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Neurodegeneration in a Drosophila Model for the Function of TMCC2, an Amyloid Protein Precursor-Interacting and Apolipoprotein E-Binding Protein

Neurodegeneration in a Drosophila Model for the Function of TMCC2, an Amyloid Protein Precursor-Interacting and Apolipoprotein E-Binding Protein

  • Paul C. R. Hopkins
PLOS
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Abstract

We previously identified TMCC2 as a protein that interacted differentially with normal versus Alzheimer's disease-risk forms of both apolipoprotein E (apoE) and the amyloid protein precursor (APP). We hypothesized that disrupted function of TMCC2 would affect neurodegeneration. To test this hypothesis, we investigated the Drosophila orthologue of TMCC2, that we have named Dementin. We showed that Dementin interacts genetically both with human APP and its Drosophila orthologue, the APP-like protein (APPL). Ectopic expression of Dementin in Drosophila rescued developmental and behavioral defects caused by expression of human APP. Both a hypomorphic lethal mutation in the dementin gene (dmtn1) and RNAi for Dementin caused the accumulation of fragments derived from APPL. We found that Dementin was required for normal development of the brain, and that glial Dementin was required for development of the Drosophila medulla neuropil. Expression of wild-type Dementin in either the neurons or glia of dmtn1 flies rescued developmental lethality. Adult dmtn1 flies rescued by expression of wild-type Dementin in glia, i.e. whose neurons expressed only dmtn1, showed pathological features resembling early onset Alzheimer's disease, accumulation of abnormal APPL metabolites, synaptic pathology, mis-localized microtubule-binding proteins, neurodegeneration, and early death.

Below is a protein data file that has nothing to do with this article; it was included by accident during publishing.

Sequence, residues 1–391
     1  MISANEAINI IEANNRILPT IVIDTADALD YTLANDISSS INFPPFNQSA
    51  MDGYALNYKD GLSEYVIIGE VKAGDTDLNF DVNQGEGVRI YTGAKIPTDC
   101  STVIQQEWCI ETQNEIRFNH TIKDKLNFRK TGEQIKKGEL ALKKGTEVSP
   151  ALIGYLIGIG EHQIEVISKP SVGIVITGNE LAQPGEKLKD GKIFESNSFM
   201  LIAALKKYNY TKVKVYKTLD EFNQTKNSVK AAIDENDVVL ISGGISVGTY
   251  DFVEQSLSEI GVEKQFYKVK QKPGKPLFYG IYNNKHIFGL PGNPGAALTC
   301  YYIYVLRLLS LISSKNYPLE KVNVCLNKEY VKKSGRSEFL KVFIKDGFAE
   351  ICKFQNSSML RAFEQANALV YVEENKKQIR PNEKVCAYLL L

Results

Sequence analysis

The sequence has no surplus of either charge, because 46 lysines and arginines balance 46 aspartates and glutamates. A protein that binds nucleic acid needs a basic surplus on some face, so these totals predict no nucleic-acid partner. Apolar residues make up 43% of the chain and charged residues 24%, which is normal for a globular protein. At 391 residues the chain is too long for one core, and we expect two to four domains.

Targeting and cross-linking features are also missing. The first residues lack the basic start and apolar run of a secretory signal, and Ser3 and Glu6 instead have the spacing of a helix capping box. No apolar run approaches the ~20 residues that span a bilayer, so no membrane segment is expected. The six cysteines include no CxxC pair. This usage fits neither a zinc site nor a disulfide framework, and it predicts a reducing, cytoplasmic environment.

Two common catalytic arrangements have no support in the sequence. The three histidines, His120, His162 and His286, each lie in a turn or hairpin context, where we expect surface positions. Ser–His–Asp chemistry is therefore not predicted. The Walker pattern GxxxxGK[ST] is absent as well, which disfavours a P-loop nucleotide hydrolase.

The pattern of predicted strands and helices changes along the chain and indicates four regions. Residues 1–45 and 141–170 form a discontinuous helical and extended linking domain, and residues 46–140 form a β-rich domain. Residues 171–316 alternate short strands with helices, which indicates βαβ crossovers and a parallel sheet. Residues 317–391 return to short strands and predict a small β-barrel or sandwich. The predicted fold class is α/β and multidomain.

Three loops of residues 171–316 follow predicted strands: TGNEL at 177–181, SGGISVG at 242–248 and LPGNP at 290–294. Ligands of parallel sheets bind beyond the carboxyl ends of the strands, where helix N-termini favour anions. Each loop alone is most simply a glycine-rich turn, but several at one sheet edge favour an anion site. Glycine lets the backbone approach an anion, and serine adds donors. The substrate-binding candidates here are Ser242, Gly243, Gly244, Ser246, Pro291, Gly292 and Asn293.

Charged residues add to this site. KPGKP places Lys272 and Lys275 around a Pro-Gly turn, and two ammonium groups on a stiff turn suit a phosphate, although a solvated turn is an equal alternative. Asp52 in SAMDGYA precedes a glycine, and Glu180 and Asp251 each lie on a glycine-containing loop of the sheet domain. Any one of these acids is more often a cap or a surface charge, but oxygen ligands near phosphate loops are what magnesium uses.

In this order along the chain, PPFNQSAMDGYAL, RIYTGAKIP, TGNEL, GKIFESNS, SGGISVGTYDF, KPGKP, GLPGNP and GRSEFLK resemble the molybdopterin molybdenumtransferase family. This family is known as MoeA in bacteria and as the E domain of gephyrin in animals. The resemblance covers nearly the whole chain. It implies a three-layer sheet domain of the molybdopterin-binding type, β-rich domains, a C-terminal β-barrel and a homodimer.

Introduction

Pathologically, Alzheimer's disease (AD) is defined by amyloid plaques, increased levels of mislocalized tau, and is accompanied by glia-mediated inflammation. This process leads to loss of synaptic markers and neuronal death, with the consequence that in advanced AD the brain is atrophied, leading to severe cognitive and behavioral deficits.

Genetic studies provide the strongest evidence for causative agents in AD, these show that mutations in presenilin 1, presenilin 2 or the amyloid protein precursor (APP) cause early-onset AD in an autosomal dominant manner, as does duplication of the gene for APP [1][4]. Although mutations in APP or presenilin are rare, late- and early-onset AD are pathologically similar, and late-onset AD is strongly linked to polymorphisms of the gene for apolipoprotein E (apoE) [5]. Meta-analysis of the numerous studies confirming the role of apoE in AD show that the lifetime risk of AD in people homozygous for the APOE*4 isoform of apoE may be as high as 64% whereas in people homozygous for the APOE*2 isoform it may be as low as 0.1% [6].